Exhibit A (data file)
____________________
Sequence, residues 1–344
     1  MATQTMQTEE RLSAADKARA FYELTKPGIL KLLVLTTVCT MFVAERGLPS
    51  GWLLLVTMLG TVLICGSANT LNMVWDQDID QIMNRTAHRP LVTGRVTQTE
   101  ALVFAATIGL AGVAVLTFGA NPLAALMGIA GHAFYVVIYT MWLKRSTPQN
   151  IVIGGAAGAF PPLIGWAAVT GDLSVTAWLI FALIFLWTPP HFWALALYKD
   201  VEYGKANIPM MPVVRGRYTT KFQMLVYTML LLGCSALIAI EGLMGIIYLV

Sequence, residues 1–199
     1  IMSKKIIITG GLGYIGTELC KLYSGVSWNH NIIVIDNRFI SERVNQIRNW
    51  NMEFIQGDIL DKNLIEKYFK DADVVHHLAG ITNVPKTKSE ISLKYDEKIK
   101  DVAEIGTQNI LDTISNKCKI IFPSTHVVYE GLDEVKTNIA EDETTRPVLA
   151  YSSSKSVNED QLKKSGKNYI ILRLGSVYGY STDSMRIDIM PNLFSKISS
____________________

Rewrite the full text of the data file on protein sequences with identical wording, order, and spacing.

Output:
Sequence, residues 1–344
     1  MATQTMQTEE RLSAADKARA FYELTKPGIL KLLVLTTVCT MFVAERGLPS
    51  GWLLLVTMLG TVLICGSANT LNMVWDQDID QIMNRTAHRP LVTGRVTQTE
   101  ALVFAATIGL AGVAVLTFGA NPLAALMGIA GHAFYVVIYT MWLKRSTPQN
   151  IVIGGAAGAF PPLIGWAAVT GDLSVTAWLI FALIFLWTPP HFWALALYKD
   201  VEYGKANIPM MPVVRGRYTT KFQMLVYTML LLGCSALIAI EGLMGIIYLV

Sequence, residues 1–199
     1  IMSKKIIITG GLGYIGTELC KLYSGVSWNH NIIVIDNRFI SERVNQIRNW
    51  NMEFIQGDIL DKNLIEKYFK DADVVHHLAG ITNVPKTKSE ISLKYDEKIK
   101  DVAEIGTQNI LDTISNKCKI IFPSTHVVYE GLDEVKTNIA EDETTRPVLA
   151  YSSSKSVNED QLKKSGKNYI ILRLGSVYGY STDSMRIDIM PNLFSKISS